Burlington School District gets $480K to help train new educators

The Burlington School District has been awarded nearly half a million dollars in grant money aimed at helping provide current high school and adult students, and current paraeducators, with in-house training for careers in education.

On Thursday, Iowa Gov. Kim Reynolds announced the 19 recipient schools of the Teacher and Paraeducator Registered Apprenticeship Pilot Grant Program, which she initially unveiled during her Condition of the State Address in January.

Under the program, $45.6 million will be distributed to help provide high school students and adults with opportunities to earn a paraeducator certificate and associate’s degree, as well as help paraeducators earn their bachelor’s degree, all while working in the classroom.

“The overwhelming response we received for this grant opportunity has been truly remarkable and is evident of the great interest and passion that lies within our students and paraeducators to jumpstart their careers in education,” Reynolds said in a statement. “Through valuable partnerships, this program makes post-secondary educational opportunities available at the fingertips of high school students before graduating high school. And, we’re not done yet — this pilot program is just the beginning of what we hope will expand across the state.”

The Burlington School District has been awarded $485,792.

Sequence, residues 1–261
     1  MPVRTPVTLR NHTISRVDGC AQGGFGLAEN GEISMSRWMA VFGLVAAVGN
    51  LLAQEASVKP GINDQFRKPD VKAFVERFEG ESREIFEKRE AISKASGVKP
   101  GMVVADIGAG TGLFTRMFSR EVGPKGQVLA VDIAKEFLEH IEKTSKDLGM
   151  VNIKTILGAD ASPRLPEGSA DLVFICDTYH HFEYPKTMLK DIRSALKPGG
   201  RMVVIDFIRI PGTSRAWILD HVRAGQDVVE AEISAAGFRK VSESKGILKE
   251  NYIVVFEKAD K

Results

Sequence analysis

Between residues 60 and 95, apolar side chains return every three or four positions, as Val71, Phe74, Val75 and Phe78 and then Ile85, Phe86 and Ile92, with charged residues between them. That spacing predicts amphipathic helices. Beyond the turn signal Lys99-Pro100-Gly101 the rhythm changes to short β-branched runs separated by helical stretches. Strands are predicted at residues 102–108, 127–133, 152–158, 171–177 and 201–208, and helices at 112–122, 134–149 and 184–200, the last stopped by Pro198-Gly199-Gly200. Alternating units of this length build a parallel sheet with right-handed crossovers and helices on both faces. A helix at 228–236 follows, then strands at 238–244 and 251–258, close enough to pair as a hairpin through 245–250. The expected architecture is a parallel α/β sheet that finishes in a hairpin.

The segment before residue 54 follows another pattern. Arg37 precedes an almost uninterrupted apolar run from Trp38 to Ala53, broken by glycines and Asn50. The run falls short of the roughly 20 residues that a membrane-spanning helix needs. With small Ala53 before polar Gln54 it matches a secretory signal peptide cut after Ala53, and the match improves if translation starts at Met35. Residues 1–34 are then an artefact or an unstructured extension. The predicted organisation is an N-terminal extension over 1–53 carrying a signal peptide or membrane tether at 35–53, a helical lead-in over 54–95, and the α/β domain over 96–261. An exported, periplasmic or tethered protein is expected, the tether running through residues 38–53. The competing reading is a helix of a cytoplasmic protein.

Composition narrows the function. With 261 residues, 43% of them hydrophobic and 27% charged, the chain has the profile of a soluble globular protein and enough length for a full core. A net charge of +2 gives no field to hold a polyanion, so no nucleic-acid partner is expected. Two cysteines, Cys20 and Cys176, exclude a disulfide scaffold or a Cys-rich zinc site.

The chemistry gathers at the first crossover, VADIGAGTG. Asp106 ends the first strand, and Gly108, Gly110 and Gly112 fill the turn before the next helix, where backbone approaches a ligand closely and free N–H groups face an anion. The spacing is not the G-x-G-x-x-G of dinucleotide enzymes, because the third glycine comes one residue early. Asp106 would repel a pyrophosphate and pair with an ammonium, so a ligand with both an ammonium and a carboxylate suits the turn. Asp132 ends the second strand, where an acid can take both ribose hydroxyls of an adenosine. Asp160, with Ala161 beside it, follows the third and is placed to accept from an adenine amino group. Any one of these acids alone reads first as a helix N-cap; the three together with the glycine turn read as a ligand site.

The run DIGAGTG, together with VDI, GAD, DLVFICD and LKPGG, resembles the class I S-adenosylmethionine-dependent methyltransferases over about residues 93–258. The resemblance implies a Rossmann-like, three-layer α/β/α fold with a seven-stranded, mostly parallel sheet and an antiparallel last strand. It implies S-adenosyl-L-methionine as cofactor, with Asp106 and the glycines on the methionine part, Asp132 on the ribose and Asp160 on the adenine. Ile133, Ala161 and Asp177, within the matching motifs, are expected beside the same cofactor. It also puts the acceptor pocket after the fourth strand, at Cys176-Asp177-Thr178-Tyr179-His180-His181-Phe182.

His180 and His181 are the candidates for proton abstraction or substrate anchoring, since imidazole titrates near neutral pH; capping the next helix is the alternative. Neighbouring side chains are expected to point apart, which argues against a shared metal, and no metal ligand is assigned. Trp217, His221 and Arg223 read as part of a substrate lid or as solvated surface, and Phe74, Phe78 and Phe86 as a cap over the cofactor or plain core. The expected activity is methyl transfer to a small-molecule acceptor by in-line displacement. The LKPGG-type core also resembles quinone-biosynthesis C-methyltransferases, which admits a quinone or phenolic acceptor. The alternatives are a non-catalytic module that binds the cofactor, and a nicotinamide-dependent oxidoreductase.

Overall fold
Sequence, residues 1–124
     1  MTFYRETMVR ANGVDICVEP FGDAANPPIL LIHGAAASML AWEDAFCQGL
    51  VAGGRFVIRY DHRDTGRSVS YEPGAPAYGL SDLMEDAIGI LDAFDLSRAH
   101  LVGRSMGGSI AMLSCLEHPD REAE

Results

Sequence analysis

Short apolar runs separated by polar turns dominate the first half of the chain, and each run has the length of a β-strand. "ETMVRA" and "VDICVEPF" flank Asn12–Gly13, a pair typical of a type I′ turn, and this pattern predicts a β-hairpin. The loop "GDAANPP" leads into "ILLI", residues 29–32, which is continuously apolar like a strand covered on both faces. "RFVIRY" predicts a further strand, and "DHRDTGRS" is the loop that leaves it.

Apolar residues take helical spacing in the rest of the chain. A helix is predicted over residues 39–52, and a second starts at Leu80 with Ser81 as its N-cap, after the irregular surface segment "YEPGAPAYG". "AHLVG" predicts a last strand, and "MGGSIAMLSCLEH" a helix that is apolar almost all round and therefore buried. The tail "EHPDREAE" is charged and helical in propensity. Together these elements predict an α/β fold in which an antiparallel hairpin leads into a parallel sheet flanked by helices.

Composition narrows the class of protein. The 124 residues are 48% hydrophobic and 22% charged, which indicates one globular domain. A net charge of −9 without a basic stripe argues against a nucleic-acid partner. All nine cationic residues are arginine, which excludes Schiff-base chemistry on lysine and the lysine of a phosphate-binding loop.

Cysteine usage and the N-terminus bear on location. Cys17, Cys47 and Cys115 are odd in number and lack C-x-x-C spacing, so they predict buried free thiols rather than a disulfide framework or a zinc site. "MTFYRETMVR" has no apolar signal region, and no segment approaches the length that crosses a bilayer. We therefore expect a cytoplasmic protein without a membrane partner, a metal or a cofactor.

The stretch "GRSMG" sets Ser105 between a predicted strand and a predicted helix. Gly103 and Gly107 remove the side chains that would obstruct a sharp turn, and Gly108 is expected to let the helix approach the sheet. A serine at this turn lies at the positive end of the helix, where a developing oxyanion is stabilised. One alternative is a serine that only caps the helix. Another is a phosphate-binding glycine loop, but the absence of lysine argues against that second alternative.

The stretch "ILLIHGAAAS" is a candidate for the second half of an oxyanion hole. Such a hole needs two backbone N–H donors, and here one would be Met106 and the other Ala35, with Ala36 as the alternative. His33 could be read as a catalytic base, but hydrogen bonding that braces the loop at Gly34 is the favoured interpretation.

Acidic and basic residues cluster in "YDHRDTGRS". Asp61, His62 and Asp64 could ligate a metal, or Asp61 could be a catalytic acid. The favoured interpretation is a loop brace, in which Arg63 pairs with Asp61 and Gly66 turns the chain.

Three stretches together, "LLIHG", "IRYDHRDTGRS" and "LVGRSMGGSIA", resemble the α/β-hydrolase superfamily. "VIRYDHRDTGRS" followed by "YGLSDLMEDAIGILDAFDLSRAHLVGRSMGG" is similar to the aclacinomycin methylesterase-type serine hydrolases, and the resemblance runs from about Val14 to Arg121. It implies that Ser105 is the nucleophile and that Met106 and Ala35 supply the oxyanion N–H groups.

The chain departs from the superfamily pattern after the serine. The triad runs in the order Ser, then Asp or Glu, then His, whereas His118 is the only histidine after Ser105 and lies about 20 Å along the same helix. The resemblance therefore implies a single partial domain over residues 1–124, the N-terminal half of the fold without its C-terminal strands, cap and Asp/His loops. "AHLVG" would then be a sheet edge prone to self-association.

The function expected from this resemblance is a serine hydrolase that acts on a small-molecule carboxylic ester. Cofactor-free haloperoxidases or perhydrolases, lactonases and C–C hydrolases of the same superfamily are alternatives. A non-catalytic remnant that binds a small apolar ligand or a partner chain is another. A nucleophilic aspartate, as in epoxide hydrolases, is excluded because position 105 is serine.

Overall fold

The program is the first of its kind in the state and aims to serve paraeducators and students in 134 schools, with the goal of creating more than 500 new paraeducators and 500 new teachers.

In this file photo, Mariah Kuykendoll, 11, a fifth grade student at Aldo Leopold Intermediate School helps Hope Haven client Greg Hanks with an art project Friday May 6, 2022 at Aldo Leopold Intermediate School.  The project was part of Burlington School District's Hound Town Day in which both elementary and high school students and staff help around the community in various ways.  While the rainy weather led to some outdoor clean up activities being canceled or rescheduled, classroom project went ahead.  Some of the projects included students delivering cards to area nursing homes, making and delivering meals to fire fighters, making treat bags for police and fire stations, planting individual flower ports for Klein residents.

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State officials believe the program will help school districts create a reliable and continuous pipeline of skilled workers within the state and help students jump-start their careers in the education field.

“Growing our teacher and paraeducator talent pipeline helps ensure Iowa students have access to a world-class education today and into the future,” Iowa Department of Education director Ann Lebo said in a statement. “I commend these school districts and postsecondary partners for their innovative plans to start registered apprenticeships that will inspire and support the next generation of educators in Iowa communities.”

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